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Conducting an effective search.ppt - Wikispaces


									Conducting an Effective Search

 Tips for searching the Internet, electronic databases, and OPACs.
                   Basic tips
 Brainstorm a list of keywords, questions, phrases, or
  concepts for your topic. Keywords are significant
  words or terms in the title, abstract/summary, or text
  of an item that indicate its subject.

 Enter words in the search box that you think will
  appear on the Web page you want.

 Avoid common words (such as a, an, or the) unless
  they are part of a phrase.

 Use correct spelling.
 If you don't know the complete word, or aren't sure
  how to spell it, add an asterisk (*) to the end of what
  you do know. An asterisk can replace any number of
  letters at the end of a word. However, the * can't be
  used as a word's first or second letter or have any
  letters after it. For example, If you enter teach*, you
  will get a list of results with "teach", "teacher",
  "teaches", and "teaching".
 You can use a question mark (?) to replace a single
  letter. You can use more than one question mark in a
  word, but it can't be the first letter. Example: If you're
  not sure whether it's "allegators", allagators", or
  "alligators", search using all?gators.
 You can also use a question mark to find multiple
  forms of a word. Example: A search on wom?n finds
  both "woman" and "women".
               More search tips
 Put quotation marks around phrases or proper
  names. Example: “George Washington”

 Be specific. If you are searching for information about
  Florida, type "Florida". If you want to find information
  about vacationing in Florida, type "Florida vacation"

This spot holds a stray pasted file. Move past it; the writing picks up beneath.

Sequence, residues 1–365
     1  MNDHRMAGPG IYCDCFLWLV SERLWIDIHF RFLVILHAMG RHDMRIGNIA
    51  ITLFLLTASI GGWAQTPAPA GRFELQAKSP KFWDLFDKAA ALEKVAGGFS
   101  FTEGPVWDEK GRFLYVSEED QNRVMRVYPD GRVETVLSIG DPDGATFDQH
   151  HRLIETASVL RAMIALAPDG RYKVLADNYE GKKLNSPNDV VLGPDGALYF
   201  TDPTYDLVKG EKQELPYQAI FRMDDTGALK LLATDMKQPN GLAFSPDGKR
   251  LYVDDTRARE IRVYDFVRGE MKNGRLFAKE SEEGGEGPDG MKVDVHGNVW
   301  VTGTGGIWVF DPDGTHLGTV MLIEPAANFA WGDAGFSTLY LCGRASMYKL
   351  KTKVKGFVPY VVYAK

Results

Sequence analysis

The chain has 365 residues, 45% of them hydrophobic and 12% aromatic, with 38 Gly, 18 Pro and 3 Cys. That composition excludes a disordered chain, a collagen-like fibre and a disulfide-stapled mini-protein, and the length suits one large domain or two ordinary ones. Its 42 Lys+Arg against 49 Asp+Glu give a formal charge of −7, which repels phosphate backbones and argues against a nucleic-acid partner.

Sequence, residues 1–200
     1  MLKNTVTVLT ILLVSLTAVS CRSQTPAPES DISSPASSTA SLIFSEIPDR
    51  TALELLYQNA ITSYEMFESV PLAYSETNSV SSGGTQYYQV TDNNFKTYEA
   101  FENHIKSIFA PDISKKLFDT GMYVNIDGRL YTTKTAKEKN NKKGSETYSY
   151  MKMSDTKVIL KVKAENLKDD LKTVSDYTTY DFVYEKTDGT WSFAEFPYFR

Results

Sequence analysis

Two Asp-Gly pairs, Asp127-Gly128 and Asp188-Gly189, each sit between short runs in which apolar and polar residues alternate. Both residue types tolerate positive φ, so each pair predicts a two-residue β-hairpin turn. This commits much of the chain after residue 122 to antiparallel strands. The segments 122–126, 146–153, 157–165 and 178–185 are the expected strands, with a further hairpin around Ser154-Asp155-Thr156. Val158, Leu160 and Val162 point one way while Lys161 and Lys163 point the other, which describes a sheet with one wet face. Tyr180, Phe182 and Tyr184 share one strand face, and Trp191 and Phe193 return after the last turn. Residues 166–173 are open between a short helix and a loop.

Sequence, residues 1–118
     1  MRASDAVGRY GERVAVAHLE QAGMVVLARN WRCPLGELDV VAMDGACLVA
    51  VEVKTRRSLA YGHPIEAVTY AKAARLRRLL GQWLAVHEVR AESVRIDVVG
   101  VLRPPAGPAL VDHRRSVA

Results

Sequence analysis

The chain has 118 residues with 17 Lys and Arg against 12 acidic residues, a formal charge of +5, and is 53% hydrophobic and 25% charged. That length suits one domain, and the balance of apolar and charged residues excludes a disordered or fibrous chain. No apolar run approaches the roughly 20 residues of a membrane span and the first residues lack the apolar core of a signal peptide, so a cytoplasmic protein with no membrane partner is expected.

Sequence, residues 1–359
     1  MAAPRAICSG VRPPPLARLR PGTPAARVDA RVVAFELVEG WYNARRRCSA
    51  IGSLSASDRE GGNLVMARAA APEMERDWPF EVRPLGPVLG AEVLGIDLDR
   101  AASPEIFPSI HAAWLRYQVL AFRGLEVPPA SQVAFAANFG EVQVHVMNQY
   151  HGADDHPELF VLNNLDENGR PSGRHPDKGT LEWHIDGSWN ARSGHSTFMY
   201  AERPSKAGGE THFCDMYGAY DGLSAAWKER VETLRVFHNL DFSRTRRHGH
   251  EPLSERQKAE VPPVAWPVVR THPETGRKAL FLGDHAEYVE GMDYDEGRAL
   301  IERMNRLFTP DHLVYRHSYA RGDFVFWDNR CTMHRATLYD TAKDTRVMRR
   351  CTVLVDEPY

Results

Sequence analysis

 Use correct spacing. If you search for
  "baseball cards," you will most likely receive a list of
  various collectibles. If you search for "baseballcards"
  you will likely find only a website with the address
     Conduct a Boolean Search
Computers cannot understand
 human language, but they can match
 words. By using a combination of
 keywords and Boolean operators you
 will improve the results of your
A Boolean search is made up of
 keywords connected by the logical
 operators AND, OR and NOT.
             Boolean Operators
  This is used to narrow your search by ensuring that all
  keywords used will appear in the search results. Example:
  cats AND dogs gives you only the titles that mention both
  cats and dogs.
  This is used to eliminate an unwanted concept or word in
  your search statement. Example: cats NOT dogs gives
  you only the titles about cats that do not mention dogs.
 OR
  This is used to broaden your search by retrieving any,
  some, or all of the keywords used in the search statement.
  Example: cats OR dogs gives you all the titles that
  mention cats or dogs or both.

 Click here for a visual representation of how Boolean
  operators work:
         Advanced Searches
Most search engines have a special
 advanced search page that allows you
 to increase the accuracy of your search.
You can filter using many options.
Look for the “Advanced Search" link.

Need more help? Read the "hints" and "help"

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